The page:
Compulsory insurance for off-road mobility scooters is unworkable, says trade body

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The European Court’s ruling that mobility scooters being used on private-land need insurance is “unnecessary, unworkable and unfair”, the trade body for the British insurance industry has said.

The ruling could make it compulsory for owners of mobility scooters to take out third party insurance if using their vehicles off-road.

The Association of British Insurers (ABI) is urging the European Commission to take “urgent action”. It has said that if the Commission fails to act then the UK Government will need to change domestic law and extend the scope of compulsory motor insurance while the UK remains in the EU. The body warned that this would lead to “significant disruption and additional costs”.

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In 2014 the European Court of Justice (ECJ) ruled that compensation for injuries suffered by a Slovenian farm worker, Damijan Vnuk, by a tractor while on private land should have been covered by compulsory motor insurance. In the UK motor insurance is compulsory for vehicles used on public roads, but not on private land.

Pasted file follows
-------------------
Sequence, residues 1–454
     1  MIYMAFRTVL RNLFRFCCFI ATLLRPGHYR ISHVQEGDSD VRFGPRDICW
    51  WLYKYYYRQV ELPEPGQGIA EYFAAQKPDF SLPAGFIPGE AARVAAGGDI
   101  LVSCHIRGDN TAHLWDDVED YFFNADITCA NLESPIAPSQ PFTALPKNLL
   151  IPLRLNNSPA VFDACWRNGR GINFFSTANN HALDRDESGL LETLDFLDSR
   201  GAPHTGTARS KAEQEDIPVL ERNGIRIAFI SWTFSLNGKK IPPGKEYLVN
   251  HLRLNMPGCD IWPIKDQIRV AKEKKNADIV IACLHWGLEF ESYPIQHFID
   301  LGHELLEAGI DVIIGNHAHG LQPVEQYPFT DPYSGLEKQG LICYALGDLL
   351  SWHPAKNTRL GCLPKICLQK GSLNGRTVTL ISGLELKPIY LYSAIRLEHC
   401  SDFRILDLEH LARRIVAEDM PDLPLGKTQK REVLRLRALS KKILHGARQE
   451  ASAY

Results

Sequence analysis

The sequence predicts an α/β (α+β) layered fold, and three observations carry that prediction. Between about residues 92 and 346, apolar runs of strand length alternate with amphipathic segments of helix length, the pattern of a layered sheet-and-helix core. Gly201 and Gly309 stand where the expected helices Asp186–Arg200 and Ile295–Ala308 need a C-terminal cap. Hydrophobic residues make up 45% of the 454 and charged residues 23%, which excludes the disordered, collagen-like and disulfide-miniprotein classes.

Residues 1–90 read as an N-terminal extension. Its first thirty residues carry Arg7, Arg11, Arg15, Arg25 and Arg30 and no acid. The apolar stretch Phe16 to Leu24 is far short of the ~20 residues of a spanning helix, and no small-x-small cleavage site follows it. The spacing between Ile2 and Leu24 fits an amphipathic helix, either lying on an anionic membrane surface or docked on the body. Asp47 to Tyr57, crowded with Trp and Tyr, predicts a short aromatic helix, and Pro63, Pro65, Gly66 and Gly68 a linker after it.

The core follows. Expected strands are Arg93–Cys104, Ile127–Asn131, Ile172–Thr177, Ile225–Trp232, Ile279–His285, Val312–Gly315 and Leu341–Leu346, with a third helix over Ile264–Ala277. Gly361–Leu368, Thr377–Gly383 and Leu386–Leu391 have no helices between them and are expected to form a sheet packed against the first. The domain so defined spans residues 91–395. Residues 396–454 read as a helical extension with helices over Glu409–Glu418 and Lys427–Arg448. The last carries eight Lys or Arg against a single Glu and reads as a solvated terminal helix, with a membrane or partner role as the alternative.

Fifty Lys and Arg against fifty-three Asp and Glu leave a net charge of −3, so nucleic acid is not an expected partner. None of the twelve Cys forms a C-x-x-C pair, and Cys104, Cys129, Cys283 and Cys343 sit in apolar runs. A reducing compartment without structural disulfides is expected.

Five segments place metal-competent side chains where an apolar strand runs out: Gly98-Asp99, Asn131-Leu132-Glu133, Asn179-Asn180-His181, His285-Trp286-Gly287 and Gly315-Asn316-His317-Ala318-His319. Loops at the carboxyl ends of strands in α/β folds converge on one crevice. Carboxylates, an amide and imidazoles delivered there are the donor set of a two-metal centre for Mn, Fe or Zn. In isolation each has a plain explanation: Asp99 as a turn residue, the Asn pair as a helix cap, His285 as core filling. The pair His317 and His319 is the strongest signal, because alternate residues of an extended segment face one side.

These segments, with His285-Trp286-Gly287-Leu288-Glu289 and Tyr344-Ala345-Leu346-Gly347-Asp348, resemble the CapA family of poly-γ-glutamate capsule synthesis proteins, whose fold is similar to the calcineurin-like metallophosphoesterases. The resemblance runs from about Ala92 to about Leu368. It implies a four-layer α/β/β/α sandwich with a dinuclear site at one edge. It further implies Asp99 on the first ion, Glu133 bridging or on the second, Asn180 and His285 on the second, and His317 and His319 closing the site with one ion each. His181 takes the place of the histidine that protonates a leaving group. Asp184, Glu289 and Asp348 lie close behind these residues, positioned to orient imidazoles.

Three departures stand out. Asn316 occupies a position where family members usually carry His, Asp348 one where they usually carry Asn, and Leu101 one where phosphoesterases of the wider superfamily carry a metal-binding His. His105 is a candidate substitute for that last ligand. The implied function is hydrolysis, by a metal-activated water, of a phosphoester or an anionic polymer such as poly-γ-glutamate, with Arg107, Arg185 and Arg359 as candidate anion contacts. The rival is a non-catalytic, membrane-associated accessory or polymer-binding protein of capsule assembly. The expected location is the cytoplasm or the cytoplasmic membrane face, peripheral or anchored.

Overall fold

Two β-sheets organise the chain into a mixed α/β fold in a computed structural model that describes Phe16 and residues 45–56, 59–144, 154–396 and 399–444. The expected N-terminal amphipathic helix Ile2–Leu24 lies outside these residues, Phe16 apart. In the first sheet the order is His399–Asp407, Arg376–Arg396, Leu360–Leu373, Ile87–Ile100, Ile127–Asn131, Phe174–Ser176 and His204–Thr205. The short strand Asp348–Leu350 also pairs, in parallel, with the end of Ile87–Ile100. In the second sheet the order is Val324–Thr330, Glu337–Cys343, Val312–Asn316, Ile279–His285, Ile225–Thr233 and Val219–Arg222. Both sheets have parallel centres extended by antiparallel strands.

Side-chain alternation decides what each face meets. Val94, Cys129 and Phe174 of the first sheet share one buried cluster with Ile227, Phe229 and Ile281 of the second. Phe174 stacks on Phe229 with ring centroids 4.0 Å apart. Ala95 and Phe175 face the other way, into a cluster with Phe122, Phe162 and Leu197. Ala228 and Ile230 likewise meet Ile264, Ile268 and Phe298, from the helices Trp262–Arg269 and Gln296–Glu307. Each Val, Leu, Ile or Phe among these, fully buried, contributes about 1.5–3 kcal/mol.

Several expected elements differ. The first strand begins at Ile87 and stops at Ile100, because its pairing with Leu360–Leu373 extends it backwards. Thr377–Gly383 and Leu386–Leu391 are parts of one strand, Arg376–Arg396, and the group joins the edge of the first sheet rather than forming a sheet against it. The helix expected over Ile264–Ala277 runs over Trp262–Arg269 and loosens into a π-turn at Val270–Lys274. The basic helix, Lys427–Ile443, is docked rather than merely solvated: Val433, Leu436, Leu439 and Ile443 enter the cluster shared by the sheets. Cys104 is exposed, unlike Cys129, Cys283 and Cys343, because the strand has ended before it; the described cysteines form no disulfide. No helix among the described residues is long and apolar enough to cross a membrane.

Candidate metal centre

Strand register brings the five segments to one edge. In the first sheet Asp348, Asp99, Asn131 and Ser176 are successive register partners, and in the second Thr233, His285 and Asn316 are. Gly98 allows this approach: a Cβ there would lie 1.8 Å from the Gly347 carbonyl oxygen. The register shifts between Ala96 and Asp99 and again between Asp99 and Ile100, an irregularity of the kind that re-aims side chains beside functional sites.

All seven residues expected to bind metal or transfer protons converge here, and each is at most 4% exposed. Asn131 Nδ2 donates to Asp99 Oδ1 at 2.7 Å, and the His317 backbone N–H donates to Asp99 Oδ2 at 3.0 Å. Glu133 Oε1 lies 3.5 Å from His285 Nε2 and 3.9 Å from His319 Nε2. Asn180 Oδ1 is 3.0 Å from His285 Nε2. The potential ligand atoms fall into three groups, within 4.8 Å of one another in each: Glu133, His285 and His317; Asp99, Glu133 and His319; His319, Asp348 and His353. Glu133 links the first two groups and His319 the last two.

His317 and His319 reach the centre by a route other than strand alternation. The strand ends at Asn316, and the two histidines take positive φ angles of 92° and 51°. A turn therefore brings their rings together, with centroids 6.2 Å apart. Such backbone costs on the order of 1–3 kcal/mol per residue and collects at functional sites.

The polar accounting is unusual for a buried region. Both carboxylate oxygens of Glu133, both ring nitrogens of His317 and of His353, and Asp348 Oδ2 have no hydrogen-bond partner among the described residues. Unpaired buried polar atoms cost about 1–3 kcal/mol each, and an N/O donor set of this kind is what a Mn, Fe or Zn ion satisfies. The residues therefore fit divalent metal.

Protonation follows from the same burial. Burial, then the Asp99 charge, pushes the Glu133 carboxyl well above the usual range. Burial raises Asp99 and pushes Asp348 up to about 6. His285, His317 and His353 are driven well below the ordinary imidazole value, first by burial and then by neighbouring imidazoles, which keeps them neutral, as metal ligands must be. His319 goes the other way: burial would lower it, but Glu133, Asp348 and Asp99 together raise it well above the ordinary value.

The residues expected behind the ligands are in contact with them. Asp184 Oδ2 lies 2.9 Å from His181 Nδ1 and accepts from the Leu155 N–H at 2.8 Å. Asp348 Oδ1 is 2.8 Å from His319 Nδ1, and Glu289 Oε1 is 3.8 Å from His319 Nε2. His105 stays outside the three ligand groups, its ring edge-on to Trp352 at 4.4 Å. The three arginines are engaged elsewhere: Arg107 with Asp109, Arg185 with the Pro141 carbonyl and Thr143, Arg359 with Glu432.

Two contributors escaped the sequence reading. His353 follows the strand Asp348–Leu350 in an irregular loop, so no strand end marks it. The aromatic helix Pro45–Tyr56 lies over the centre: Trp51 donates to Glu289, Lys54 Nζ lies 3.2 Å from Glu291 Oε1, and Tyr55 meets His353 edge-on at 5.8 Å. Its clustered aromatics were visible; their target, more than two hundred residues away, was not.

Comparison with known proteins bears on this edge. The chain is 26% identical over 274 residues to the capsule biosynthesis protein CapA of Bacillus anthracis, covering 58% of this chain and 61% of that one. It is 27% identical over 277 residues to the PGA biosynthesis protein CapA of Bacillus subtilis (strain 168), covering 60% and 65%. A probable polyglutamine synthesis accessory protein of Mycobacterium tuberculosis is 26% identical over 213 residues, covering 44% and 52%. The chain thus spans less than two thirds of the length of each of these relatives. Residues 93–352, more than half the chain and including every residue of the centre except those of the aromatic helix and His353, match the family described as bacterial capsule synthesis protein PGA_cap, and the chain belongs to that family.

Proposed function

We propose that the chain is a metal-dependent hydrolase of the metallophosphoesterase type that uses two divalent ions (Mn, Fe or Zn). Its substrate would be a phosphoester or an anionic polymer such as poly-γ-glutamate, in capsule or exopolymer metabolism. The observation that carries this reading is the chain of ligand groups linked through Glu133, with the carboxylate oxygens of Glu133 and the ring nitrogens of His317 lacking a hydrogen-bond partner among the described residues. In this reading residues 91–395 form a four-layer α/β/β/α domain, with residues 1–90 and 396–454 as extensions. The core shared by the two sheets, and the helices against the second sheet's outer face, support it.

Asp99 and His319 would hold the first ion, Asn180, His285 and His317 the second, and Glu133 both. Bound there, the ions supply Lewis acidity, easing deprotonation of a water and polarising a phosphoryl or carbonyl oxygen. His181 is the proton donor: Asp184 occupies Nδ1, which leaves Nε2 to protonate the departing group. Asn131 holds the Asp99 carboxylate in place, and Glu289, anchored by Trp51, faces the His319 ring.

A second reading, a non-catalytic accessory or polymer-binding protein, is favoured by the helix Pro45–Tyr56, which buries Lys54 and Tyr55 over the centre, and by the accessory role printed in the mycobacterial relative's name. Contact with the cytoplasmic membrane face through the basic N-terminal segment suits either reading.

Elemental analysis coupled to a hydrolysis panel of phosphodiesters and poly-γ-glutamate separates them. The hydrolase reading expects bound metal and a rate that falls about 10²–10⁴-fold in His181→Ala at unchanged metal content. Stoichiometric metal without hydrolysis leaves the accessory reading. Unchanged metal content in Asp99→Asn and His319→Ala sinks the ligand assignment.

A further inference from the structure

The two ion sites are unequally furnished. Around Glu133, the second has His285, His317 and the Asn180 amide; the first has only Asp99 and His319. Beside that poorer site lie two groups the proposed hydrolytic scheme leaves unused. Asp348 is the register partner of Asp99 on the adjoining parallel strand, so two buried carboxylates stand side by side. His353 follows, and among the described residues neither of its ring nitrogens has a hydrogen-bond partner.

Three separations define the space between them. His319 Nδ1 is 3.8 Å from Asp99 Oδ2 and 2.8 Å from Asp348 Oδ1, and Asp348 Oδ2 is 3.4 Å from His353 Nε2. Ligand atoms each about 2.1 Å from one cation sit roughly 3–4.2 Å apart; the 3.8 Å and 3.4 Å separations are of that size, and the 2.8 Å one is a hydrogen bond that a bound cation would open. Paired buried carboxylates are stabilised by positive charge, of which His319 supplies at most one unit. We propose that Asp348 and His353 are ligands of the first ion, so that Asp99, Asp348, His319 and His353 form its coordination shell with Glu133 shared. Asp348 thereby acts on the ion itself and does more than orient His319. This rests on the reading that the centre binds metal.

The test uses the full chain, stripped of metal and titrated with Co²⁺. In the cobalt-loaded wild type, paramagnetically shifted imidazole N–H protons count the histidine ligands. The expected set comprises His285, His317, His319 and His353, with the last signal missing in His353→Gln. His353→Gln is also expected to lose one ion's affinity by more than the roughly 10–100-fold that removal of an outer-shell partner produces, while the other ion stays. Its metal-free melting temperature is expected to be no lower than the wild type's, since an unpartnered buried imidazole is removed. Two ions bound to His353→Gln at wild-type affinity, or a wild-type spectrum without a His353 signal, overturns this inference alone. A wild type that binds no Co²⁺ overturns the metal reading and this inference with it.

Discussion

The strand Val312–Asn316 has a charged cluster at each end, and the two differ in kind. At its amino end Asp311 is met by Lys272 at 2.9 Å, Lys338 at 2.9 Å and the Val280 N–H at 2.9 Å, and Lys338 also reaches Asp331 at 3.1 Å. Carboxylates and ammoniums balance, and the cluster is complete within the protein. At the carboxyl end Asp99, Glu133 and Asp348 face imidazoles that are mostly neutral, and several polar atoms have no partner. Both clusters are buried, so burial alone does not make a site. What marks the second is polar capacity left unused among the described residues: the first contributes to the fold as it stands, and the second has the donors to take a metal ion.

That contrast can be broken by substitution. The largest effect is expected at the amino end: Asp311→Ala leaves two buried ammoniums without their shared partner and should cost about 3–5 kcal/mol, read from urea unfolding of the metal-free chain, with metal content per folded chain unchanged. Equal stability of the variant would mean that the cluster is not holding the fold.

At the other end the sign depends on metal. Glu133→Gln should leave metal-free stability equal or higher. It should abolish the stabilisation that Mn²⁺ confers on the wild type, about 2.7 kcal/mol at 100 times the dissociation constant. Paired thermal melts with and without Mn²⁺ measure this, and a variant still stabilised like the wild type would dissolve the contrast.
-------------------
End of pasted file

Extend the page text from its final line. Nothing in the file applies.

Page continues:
The ABI, together with the British Insurance Brokers Association, Motor Insurers’ Bureau, International Underwriting Association, Lloyds Market Association and Lloyd’s, is urging the EU Commission to resolve this by implementing its proposal to clarify that compulsory motor insurance only applies to vehicles when in traffic and not those used on private land.

The ABI said the ruling is unnecessary because if the accident happened in the UK, it would have been covered through employers’ liability insurance or public liability insurance.

It believes it to be unworkable because it says the implementation would involve a costly taxpayer-funded enforcement and compliance regime. It also feels it would be “virtually impossible to enforce”, as such vehicles are not on any public database and do not need to be licensed.

“We recognise that victims of accidents on private land should be entitled to compensation, but making insurance compulsory for off-road vehicle users is unnecessary, unworkable and unfair,” commented Ben Howarth, senior policy adviser at the ABI.

“There is no evidence that this extension is needed in the UK. And it could prove the next lucrative hunting ground for claims management companies, encouraging claims that end up being paid for by all motorists through higher premiums.

“The European Commission can easily resolve this, by implementing its own proposal to simply specify that the Motor Insurance Directive only applies to vehicles in traffic. It needs to end the uncertainty by doing this now.”

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